Church History


Our Congregation was originally called “Cardonald United Free Church” and was formed by the Glasgow Presbytery of the United Free Church of Scotland.

There was a United Free Church in Ibrox, from where it was deemed that there was a need to spread the gospel further west into the expanding area of Cardonald.

Sites for building were explored at Halfway and the corner of Bellahouston Drive, Paisley Road West and finally the present site on the east side of Berryknowes Road was chosen.

The Church, now our Large Hall, was opened for public worship on the 5th April 1908.

Having received approval from the Presbytery, a provisional session was formed and at its first meeting on the 16th June 1908 admitted to membership of the Church those who desired to join. At a Congregational meeting on the 23rd June it was agreed that the method of conducting the temporal affairs of the Church should be by a committee of management and a Vacancy Committee consisting of fifteen members be formed.

This committee reported back that they had agreed on a short leet of three and at a Congregational meeting on the 12th October 1908, the Rev Alexander MacInnes, M.A. of Rose Street United Free Church was unanimously elected the first minister of Cardonald Free Church.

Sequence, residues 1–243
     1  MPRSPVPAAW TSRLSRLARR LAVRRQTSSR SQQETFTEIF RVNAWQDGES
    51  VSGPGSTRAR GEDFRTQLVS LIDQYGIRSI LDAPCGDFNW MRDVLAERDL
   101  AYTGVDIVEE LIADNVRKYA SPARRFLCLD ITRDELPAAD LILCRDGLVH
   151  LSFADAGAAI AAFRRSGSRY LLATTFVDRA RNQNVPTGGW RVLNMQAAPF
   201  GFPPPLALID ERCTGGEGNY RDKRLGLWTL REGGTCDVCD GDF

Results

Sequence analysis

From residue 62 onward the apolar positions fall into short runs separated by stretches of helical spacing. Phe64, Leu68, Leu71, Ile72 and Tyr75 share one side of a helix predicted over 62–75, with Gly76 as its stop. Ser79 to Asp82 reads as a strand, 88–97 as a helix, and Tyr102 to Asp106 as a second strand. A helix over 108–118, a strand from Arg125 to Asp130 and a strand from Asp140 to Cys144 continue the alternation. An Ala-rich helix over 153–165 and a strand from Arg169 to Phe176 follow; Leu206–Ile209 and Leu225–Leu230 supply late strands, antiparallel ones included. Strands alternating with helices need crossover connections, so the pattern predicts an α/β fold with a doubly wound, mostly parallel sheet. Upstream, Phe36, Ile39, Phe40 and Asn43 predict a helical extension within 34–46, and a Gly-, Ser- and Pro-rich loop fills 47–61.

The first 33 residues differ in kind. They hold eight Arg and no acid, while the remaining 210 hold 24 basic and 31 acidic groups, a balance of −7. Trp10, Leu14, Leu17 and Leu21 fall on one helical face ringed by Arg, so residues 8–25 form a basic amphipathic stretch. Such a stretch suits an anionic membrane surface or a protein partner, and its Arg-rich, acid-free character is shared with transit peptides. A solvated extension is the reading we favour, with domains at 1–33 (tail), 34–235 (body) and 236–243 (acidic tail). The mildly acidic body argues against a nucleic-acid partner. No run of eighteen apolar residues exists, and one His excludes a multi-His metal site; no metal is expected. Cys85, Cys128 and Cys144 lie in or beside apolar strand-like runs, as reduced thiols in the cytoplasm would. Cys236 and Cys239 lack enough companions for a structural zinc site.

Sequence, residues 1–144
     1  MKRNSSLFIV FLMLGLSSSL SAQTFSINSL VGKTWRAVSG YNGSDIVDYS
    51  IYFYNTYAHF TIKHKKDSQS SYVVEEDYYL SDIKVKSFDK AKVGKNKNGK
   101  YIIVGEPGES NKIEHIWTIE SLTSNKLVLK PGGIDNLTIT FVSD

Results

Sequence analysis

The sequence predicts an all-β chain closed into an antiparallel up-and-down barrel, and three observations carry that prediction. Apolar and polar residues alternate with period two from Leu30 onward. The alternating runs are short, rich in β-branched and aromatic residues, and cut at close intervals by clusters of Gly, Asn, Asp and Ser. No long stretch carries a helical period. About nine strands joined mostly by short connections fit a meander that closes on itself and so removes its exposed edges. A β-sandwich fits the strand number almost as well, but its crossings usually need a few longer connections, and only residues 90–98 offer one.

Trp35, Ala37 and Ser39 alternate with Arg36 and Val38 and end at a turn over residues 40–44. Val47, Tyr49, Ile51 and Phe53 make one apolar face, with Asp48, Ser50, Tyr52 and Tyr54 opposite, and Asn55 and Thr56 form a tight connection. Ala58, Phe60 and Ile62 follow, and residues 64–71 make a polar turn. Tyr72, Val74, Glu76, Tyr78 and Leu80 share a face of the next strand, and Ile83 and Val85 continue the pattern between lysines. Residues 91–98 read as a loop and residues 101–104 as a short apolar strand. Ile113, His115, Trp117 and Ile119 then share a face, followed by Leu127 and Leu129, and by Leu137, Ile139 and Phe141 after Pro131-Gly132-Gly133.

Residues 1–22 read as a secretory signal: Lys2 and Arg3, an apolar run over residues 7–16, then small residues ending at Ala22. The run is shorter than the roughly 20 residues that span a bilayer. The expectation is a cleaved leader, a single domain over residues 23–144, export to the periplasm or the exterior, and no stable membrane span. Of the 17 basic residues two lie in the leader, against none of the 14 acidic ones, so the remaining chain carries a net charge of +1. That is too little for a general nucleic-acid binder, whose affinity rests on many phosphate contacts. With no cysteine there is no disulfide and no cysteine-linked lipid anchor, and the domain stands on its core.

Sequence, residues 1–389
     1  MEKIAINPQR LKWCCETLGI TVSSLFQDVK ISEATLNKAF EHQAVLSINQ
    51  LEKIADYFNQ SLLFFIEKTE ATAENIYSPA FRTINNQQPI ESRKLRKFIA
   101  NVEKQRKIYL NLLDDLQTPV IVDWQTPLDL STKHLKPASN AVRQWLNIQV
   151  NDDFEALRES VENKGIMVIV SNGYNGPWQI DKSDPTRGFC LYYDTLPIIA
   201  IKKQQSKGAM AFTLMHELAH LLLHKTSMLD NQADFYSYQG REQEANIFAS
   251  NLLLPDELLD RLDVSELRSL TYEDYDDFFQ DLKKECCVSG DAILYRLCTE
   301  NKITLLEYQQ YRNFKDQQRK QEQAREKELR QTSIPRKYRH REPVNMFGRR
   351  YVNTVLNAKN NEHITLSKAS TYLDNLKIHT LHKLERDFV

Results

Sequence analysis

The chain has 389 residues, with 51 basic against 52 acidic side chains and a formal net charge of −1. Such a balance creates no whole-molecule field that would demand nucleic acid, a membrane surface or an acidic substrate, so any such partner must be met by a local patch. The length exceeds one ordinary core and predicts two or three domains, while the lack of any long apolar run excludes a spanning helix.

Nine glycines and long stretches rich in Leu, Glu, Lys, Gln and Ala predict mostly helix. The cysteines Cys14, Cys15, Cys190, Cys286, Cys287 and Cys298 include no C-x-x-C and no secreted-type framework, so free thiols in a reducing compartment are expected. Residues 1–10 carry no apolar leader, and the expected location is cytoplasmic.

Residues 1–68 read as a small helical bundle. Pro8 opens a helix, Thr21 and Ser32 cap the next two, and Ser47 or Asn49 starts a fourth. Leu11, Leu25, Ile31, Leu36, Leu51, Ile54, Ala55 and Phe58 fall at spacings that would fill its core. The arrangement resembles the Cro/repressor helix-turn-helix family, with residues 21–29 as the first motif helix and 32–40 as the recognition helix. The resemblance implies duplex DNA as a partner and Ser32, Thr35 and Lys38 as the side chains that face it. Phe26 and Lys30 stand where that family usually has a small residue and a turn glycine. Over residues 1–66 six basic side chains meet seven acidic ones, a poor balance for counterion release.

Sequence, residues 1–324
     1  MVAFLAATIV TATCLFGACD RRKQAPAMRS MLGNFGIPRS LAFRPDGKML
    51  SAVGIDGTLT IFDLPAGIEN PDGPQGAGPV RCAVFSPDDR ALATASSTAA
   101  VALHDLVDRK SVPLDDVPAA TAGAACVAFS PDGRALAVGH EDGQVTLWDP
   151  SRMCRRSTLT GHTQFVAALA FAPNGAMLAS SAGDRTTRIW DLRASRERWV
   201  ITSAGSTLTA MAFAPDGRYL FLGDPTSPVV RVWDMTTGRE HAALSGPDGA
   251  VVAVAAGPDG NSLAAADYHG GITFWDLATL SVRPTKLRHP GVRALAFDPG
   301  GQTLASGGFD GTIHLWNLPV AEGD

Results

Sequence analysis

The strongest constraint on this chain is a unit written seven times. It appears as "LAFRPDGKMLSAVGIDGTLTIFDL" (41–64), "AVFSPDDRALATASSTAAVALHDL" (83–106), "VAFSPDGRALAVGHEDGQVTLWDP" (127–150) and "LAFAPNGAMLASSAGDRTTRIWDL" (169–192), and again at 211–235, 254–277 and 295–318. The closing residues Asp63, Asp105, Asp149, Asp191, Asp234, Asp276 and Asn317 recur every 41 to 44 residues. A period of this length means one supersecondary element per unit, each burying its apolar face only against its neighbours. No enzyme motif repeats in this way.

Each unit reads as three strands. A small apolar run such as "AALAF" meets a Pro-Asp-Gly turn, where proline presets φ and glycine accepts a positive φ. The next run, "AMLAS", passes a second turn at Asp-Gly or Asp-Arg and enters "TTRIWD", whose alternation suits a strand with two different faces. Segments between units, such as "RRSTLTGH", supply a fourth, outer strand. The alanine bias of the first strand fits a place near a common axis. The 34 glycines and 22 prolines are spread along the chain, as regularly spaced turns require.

The congregation then consisted of 43 members. The Minister’s salary was £300 per annum.

Mr MacInnes was inducted on the 3rd December 1908 and chaired his first Kirk Session meeting on 24th December when it was agreed that a local Kirk Session be elected by the members of the Congregation.

On Sunday 23rd February 1909, the nine members elected were ordained and admitted to the office of Eldership.

Thereafter, the first meeting was constituted, a Session Clerk – Mr G S Orr – was appointed and the provisional Kirk Session was dismissed.

The congregation by this time had almost doubled its numbers to 81 members.

Our Church with its constituted Kirk Session was now on its own, and 100 years later is still worshipping God from the same site.

Since its inception in 1908, the Congregation had before it the prospect of building a more suitable place of worship and to this end a Building Fund was inaugurated.

The fund came into existence in November 1911 in a small and simple way. A balance of £2 3s 2d from a social meeting formed the nucleus of the fund. In five years this increased to £1,246 7s 6d and in 1929 the total in the fund was £9,569 0s 5d.

Work commenced on the building of our present Church in the spring of 1924 and on 28th June 1924 the foundation was laid.

On Sunday 13th September 1925 the Church was opened for public worship; it was apparently a wild, wet day, but a large attendance of interested people turned out for the opening ceremony.

The Church was described by the Govan Press as “an imposing edifice of red stone in the Gothic style with a dignified interior and having seating accommodation for 540 people. “

The cost of the Church building was £9,577.

Our praise to God who has worked wonders from such small beginnings, and inspired so many people to give of their time, talent and money, and to still do so in His cause.